The thermal capacity of fluid:
It is the ability of the fluid to carry or store heat.
Boiling Point and Freezing points of the fluid:
It is the temperature at which the fluid might change its state i.e from fluid to gas and from fluid to solid.
It is the minimum temperature at which a vapor can ignite in air.
This one most of us would know. It is the capacity of a liquid to withstand shear forces.
The coefficient of expansion:
It is the indicator of minuscule changes in the fluid that occur with the change in temperature.
This brings us to the options of fluid transfer liquids that can be used in a solar water heater:
Easily available, virtually free of cost, non-toxic. Has high specific heat and low viscosity. The only problem with water is that it has to be pH neutral for its application here. Also, it has a high freezing point and a low boiling point. So unless you have soft water handy, using water as a heat transfer fluid would not be recommended as it may cause scaling.
A mixture of water and ethylene glycol and propylene glycol is also used as a heat transfer fluid. This mixture is also called antifreeze. As the liquid, in this case, won’t freeze in extremely cold conditions. This mixture degrades over time, hence it is advisable to change it every 3 years.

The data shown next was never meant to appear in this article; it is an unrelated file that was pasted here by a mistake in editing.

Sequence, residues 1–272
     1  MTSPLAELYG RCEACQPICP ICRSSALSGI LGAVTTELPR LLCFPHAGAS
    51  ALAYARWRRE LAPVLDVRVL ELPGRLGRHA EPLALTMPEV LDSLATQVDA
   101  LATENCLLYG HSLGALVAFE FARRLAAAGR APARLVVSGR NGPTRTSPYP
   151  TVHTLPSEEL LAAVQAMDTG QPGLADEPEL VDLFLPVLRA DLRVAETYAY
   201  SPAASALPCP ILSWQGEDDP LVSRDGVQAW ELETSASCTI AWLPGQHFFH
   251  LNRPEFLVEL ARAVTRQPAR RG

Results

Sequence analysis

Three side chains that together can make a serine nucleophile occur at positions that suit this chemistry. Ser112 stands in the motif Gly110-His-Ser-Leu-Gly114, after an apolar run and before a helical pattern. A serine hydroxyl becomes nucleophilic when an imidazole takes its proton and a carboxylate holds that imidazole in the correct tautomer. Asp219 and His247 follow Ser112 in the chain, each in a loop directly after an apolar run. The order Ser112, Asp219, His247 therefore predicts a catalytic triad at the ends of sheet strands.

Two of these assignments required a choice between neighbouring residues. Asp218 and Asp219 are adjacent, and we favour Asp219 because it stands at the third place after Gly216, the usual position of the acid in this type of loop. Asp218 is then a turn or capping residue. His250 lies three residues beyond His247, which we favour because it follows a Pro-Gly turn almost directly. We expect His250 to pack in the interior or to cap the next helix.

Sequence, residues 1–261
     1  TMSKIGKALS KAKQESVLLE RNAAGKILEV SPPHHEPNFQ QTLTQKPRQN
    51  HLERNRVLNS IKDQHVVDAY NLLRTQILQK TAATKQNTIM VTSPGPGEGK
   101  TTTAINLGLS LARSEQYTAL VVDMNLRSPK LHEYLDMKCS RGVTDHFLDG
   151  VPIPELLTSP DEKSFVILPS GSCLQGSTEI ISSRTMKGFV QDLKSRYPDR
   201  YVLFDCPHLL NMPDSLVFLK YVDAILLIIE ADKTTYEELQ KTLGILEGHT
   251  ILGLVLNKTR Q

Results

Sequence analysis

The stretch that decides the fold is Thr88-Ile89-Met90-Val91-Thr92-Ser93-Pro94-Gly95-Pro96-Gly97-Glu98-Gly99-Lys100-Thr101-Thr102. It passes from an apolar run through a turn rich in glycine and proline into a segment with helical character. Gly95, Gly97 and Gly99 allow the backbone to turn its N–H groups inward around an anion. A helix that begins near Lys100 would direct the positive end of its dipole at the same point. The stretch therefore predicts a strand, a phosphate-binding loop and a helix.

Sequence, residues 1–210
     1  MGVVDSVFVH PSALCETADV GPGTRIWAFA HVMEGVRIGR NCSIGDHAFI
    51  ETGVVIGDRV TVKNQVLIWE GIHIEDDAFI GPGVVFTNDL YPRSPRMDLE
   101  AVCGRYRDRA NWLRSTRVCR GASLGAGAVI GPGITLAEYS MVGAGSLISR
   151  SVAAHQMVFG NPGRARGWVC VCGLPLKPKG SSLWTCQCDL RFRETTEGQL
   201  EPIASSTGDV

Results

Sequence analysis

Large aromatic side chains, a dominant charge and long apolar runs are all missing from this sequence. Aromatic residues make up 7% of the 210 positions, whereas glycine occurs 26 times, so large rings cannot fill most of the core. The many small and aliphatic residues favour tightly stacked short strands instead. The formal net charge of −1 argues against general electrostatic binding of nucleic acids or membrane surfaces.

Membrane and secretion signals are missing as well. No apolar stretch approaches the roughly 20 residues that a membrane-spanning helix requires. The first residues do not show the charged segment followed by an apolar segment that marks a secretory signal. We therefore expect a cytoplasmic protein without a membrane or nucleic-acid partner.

3.Phase change liquids and Refrigerants:
These are used widely in air conditioning and heat transfer appliances. These fluids have the high thermal capacity and low boiling points. They are also highly thermally efficient. They are best suited to solar operation as they respond very nicely to solar energy.
Now coming to the point about the ideal heat exchange fluid. Well, the answer to this lies in the environment where the solar heater is to be used. If its to be used in a place with stable or predictable weather conditions then a clean water will also do. If you plan to use it in places with sub-zero temperature then antifreeze will work. Hence the choice of heat exchange fluid will vary with pertaining working conditions.